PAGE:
It's a "draw back" reservoir. As the liquid expands with heating
it must go somewhere or hydraulic action will break something or pop freeze
plugs. When the radiator cap bleeds off this expanded liquid in older cars,
it just gets wasted. With a burp tank it gets re-used over and over. My
co-racer David Hinton at TwinCam Sportscars says that the XK150 may have
an unusually deep filler neck and fitting a new style cap may be difficult.
With a normal cap, the pressure relief valve is that part at the lower
end of the cap. It has a spring that will lift when the internal radiator
pressure reaches the rated amount. This then lets the liquid or steam out.
There's also a vacuum break valve there as well. It opened to keep the
radiator from going to negative pressure on cooldown and opens to draw
back air. At the top of the radiator cap is a flange seal as well. On the
older style caps this is just there to keep water or steam from coming
out, but won't seal tight enough to get water to draw back thru the relief
tube. The new style caps have a rubber gasket at the upper flange as well.
You may be able to create a "new cap" out of your old one by
taking some inner tube matl. and cutting a gasket to fit inside the cap.
I've done this successfully on a A-H Sprite. It would be better to get
a new cap with the proper depth seal for the neck of the 150, however.
I'll ask around to see if there are any available. The pressure rating
can be the same as stock. Terry's Jaguar Parts has an oil collar adaptor
kit for XK 150 cars. It uses some parts modified from the XJ6 series cars
I think. It mounts to where the normal oil filter goes. As a bonus, you
use Fram PH8A spin on oil filters in place of the old cartridge types.
That big Fram is available almost anywhere. Mounting the cooler would be
dictated by your own ideas.
I'd suggest mounting it behind the right hand cowl vent
on the front of the car. You may require a bit of shrouding to contain
the air flow thru the cooler, but not much more than that. This is how
the cooler is mounted on our XK 140 rally car. David Hinton mounted his
this way on his XK 120 racer and he's reporting water temp of 170F to 180F
down from 190F to 200F for the same ambient temperatures. He's not using
an oil temperature gauge. On my 120 roadster, I'm running similar water
temps and the oil temp (on the return from the coolmy 120 roadster, I'm
running similar water temps and the oil temp (on the return from the cooler)
is at 210F to 220F under race conditions. This is great. If you can take
heat out of the oil, you will maintain better oil pressure with regular
petroleum based oils. They tend to thin with heat and so oil pressure drops.
Modern plate-type heat exchangers (oil coolers) have very little pressure
drop across the cores. So whatever you gain from cooling the oil stays
as a gain to the system. On my Fiat 2000 Spyder I actually have a thermostat
to keep the oil temp at or above about 160F before it starts to flow to
the cooler. This can be added to any street car. On that car at highway
speeds my return oil temp is 80F above air temp. in warm weather (90F outside
+ 80F differential = 170F return temp, which is very nice for the bearings).
One more idea that I use on my race car is to make sure
that the shrouding around the radiator is as complete as possible. I have
even used hi-temp silicone to glue a piece of hot water pipe insulation
(like you would use in your basement around the pipes) the width of my
radiator top to the inside of the bonnet. When I close the bonnet this
compresses between the bonnet and the radiator top tank and stops air from
going around the radiator instead of thru it. On my 120 there's a space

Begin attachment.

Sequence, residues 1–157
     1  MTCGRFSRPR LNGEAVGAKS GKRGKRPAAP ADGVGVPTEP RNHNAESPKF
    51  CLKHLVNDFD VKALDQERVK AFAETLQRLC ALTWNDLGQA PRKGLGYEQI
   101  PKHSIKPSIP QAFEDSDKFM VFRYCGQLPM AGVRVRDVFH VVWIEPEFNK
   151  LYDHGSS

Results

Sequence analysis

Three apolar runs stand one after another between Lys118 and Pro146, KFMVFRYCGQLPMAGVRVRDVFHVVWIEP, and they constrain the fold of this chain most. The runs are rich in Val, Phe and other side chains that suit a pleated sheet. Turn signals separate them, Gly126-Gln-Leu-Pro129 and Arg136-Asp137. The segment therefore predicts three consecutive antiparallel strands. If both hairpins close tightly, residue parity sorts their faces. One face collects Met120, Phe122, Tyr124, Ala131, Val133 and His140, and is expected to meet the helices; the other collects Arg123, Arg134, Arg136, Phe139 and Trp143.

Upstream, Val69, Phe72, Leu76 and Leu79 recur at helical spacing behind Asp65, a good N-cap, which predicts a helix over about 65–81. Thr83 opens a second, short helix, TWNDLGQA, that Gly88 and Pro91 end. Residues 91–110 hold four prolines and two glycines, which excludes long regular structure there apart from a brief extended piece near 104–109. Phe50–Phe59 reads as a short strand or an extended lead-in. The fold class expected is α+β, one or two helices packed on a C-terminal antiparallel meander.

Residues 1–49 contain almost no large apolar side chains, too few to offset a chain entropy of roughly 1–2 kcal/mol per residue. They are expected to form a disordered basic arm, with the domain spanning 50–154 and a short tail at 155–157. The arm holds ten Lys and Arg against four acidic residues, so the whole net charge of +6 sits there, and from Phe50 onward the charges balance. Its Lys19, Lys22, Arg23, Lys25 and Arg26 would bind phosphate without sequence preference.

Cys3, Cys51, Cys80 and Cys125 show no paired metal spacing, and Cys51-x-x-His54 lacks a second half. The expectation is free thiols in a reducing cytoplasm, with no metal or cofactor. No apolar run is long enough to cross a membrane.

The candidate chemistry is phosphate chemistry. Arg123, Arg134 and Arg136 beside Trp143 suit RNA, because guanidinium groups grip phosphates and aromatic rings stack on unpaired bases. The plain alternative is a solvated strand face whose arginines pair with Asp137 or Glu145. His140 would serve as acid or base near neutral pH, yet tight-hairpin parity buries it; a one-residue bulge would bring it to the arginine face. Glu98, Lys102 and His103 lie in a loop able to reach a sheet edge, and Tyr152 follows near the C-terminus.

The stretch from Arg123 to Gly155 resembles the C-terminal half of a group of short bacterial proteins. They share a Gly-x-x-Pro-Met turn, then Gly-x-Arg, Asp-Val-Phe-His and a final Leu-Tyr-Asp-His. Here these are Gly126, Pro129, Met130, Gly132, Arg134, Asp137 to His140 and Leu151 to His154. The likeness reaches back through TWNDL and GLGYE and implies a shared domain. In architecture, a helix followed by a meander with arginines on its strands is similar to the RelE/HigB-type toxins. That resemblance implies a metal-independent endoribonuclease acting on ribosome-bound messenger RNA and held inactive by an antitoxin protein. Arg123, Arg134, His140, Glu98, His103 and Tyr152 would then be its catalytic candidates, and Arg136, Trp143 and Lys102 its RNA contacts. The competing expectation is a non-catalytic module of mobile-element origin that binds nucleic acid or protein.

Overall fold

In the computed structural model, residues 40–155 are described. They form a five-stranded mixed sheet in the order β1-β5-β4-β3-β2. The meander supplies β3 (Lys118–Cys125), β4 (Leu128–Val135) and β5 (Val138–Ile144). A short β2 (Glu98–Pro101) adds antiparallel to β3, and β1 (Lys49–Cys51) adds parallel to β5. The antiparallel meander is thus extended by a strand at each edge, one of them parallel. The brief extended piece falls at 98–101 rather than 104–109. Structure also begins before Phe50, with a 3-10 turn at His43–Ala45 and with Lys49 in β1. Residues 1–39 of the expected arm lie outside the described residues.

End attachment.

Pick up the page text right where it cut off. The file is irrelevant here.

in front of the bottom of the radiator that has the drain valve attached.
In that space between the frame and the radiator I've cut another piece
of that same foam insulation and fitted it in there. Again it forces t
same foam insulation and fitted it in there. Again it forces the air to
go where it will do the most good. The shrouding and use of the foam rubber
was good for between 5F and 10F lower temps at race pace.
Hope this helps.
29 Oct 1996, from Bill Schorse, Ontario, Canada:
I replaced my original rad core with a modern type. The
chap who did the job for me used the type of core that hot rodders use
on high performance engines. Another problem is the availability of the
original type of thermostat. It has an external ring that shuts off the
bypass hose when it opens. If you use a standard design thermostat some
of your coolant will not go through the rad but return back through the
bypass hose to the block. I have blocked my bypass hose to stop this as
I cannot find the proper thermostat. It runs about 10 degrees cooler than
before. The Mark9 sounds interesting but I live in Northern Ontario about
a half a world away. Too bad it isn't closer. As I want to get a closed
car to take the grandchildren out in. Got to get them appreciate the finer
things in life when they are young.
30 Oct 1996, from Cleo Bay, Texas, XK120, XK140:
I got an original type of thermostat from XKs Unlimited
not so long ago. (6 months?) They do work. Hopefully you haven't totally
blocked off the bypass. You run the risk of having hot spots in your motor
before the thermostat opens. Those hot spots could cause accelerated engine
wear or head warpage (worst case). Until you can get the correct thermostat,
you could use an insert in the bypass that has a hole in it to allow some
16 Nov 1996, from Jim Canedy:
Adding an expansion tank to a 120 does not require any
changes to the radiator. Modify your existing cap to seal completely above
the overflow tube and attach the tube to the overflow tank. I used a series
II E type on my 120 racer and it works well.
Mike Plechaty, 17 Nov 1996:
Before strapping on external electric fans and whatnot,
be sure the cooling system is clean (consider having system professionally
power flushed). Be sure thermostat is a *stock* Jaguar unit, not a generic
aftermarket unit from the local parts store, and it is working properly.
Be sure the radiator cap is new. I would also recommend a stainless steel
flex fan in place of the stock fan; it made an amazing difference on my
120, as it pulls much more air thru the radiator at low speeds. Pricey,
but worth it (XKs Unlimited).